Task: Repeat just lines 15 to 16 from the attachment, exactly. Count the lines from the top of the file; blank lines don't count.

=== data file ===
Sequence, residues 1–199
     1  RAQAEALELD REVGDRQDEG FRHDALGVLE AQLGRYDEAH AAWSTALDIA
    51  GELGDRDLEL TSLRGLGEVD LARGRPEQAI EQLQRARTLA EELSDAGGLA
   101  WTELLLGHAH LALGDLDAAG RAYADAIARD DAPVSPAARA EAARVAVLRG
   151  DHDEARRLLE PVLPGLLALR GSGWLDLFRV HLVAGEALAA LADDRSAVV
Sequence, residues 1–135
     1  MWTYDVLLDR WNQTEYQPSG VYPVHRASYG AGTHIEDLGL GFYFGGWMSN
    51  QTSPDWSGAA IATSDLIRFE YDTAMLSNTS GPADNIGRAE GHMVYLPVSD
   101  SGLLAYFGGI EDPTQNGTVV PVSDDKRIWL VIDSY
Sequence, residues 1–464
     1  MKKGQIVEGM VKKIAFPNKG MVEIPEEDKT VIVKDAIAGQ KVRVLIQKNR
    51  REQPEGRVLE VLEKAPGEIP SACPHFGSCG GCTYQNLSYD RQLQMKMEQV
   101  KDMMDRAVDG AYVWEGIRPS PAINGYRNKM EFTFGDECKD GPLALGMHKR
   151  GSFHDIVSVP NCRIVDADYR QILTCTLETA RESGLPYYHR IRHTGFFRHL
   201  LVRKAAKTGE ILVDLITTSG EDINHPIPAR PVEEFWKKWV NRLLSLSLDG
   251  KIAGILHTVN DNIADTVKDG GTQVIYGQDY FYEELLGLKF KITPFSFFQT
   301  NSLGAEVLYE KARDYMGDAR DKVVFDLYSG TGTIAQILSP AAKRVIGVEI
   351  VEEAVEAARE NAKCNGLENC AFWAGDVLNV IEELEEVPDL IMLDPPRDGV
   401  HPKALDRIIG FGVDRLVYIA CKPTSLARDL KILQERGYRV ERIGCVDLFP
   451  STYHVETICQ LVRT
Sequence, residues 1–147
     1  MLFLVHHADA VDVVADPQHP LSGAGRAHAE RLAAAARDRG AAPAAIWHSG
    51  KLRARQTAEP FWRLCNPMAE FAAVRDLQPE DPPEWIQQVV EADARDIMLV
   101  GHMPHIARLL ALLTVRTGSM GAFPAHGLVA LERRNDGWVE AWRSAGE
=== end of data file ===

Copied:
   201  LVRKAAKTGE ILVDLITTSG EDINHPIPAR PVEEFWKKWV NRLLSLSLDG
   251  KIAGILHTVN DNIADTVKDG GTQVIYGQDY FYEELLGLKF KITPFSFFQT